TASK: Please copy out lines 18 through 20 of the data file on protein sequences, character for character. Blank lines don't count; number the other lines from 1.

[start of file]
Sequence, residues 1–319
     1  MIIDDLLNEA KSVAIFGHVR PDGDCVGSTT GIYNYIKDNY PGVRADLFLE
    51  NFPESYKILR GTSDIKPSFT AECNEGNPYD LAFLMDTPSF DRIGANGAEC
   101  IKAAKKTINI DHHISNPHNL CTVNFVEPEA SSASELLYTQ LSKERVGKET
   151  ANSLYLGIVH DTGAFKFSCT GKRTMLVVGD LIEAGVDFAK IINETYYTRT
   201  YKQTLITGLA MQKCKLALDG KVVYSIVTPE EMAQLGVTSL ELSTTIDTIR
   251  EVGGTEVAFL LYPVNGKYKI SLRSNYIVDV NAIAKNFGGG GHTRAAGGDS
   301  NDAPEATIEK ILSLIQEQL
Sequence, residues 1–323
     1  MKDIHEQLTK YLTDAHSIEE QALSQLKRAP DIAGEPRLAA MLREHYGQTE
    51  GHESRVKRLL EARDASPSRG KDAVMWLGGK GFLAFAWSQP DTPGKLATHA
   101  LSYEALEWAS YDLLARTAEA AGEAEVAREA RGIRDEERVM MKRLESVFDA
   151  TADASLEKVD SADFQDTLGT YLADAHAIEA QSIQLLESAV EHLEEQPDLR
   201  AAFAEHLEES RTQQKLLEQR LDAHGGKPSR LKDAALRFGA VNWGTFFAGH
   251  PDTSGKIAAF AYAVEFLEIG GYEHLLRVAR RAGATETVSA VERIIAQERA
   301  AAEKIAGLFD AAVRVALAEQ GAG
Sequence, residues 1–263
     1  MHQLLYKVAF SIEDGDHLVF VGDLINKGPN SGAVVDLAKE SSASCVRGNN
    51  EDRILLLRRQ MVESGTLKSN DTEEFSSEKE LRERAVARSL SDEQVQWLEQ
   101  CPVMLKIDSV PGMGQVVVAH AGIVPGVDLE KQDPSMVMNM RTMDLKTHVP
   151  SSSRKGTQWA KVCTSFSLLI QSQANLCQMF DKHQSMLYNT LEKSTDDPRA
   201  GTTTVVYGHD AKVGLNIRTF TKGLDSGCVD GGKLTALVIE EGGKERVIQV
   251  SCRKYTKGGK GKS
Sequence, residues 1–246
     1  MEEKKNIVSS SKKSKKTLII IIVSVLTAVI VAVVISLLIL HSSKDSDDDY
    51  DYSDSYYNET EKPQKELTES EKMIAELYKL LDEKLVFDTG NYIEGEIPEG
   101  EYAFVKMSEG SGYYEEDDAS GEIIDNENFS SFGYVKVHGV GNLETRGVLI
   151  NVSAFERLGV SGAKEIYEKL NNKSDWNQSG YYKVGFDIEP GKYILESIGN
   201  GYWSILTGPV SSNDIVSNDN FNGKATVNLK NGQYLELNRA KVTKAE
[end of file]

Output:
     1  MHQLLYKVAF SIEDGDHLVF VGDLINKGPN SGAVVDLAKE SSASCVRGNN
    51  EDRILLLRRQ MVESGTLKSN DTEEFSSEKE LRERAVARSL SDEQVQWLEQ
   101  CPVMLKIDSV PGMGQVVVAH AGIVPGVDLE KQDPSMVMNM RTMDLKTHVP